Electron Scattering by High-frequency Whistler Waves at Earth's Bow Shock


Oka M, III WLB, Phan TD, Hull AJ, Amano T, Hoshino M, Argall MR, Contel LO, Agapitov O, Gershman DJ, et al. Electron Scattering by High-frequency Whistler Waves at Earth's Bow Shock. The Astrophysical Journal Letters [Internet]. 2017;842 (2) :L11.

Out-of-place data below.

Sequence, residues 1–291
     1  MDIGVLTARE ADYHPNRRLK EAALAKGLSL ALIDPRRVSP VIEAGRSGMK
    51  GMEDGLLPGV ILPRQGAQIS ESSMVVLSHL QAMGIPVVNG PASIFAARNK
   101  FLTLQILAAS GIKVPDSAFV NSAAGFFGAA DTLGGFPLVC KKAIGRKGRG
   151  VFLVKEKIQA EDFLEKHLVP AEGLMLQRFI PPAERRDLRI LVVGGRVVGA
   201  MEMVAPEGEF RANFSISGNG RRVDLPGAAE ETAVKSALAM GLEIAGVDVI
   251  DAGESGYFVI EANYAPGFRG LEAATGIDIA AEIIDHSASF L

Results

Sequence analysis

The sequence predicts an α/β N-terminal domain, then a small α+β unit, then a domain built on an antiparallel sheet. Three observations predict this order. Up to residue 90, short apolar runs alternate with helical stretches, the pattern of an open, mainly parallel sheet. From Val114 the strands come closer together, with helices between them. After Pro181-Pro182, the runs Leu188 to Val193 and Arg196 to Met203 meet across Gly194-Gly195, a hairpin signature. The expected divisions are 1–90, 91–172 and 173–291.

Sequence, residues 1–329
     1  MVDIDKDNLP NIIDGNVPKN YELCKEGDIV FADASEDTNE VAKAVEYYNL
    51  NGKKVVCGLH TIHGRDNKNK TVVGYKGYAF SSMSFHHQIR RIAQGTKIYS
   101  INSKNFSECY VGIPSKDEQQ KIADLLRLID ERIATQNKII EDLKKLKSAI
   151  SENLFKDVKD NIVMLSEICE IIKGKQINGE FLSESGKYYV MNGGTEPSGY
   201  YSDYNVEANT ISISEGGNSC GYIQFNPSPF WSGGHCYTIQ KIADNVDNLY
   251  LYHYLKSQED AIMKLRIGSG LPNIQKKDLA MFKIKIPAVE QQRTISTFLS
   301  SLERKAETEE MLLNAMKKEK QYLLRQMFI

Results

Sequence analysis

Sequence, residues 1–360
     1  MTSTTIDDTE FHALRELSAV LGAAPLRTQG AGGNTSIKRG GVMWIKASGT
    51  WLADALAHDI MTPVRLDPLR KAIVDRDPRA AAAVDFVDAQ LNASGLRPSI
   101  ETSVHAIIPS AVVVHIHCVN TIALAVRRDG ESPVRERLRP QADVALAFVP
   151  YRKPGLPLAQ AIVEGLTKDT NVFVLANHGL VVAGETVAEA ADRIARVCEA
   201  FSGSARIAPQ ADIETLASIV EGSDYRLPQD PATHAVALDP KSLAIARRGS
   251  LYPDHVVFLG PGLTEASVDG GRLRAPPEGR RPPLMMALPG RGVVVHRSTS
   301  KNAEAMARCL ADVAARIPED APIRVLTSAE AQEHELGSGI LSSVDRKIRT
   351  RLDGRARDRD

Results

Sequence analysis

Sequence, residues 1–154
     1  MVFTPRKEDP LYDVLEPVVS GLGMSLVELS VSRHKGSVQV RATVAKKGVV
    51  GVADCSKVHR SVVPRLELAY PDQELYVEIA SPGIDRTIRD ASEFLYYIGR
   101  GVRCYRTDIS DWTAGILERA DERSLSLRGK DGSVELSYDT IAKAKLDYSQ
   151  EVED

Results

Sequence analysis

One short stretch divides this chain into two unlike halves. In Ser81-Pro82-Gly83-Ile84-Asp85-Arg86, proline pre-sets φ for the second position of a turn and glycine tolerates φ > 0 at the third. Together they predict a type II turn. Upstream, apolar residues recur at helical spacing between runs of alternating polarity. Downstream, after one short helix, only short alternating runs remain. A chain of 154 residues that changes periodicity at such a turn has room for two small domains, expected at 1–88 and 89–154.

Electrons are accelerated to non-thermal energies at shocks in space and astrophysical environments. While different mechanisms of electron acceleration have been proposed, it remains unclear how non-thermal electrons are produced out of the thermal plasma pool. Here, we report in situ evidence of pitch-angle scattering of non-thermal electrons by whistler waves at Earth's bow shock. On 2015 November 4, the Magnetospheric Multiscale ( MMS ) mission crossed the bow shock with an Alfvén Mach number ∼11 and a shock angle ∼84°. In the ramp and overshoot regions, MMS revealed bursty enhancements of non-thermal (0.5–2 keV) electron flux, correlated with high-frequency (0.2–0.4 \#\#IMG\#\# [http://ej.iop.org/images/2041-8205/842/2/L11/apjlaa7759ieqn1.gif] \\$\\\backslashrm\\backslashOmega \\\\_\\backslashmathrm\ce\\\$\ , where \#\#IMG\#\# [http://ej.iop.org/images/2041-8205/842/2/L11/apjlaa7759ieqn2.gif] \\$\\\backslashrm\\backslashOmega \\\\_\\backslashmathrm\ce\\\$\ is the cyclotron frequency) parallel-propagating whistler waves. The electron velocity distribution (measured at 30 ms cadence) showed an enhanced gradient of phase-space density at and around the region where the electron velocity component parallel to the magnetic field matched the resonant energy inferred from the wave frequency range. The flux of 0.5 keV electrons (measured at 1 ms cadence) showed fluctuations with the same frequency. These features indicate that non-thermal electrons were pitch-angle scattered by cyclotron resonance with the high-frequency whistler waves. However, the precise role of the pitch-angle scattering by the higher-frequency whistler waves and possible nonlinear effects in the electron acceleration process remains unclear.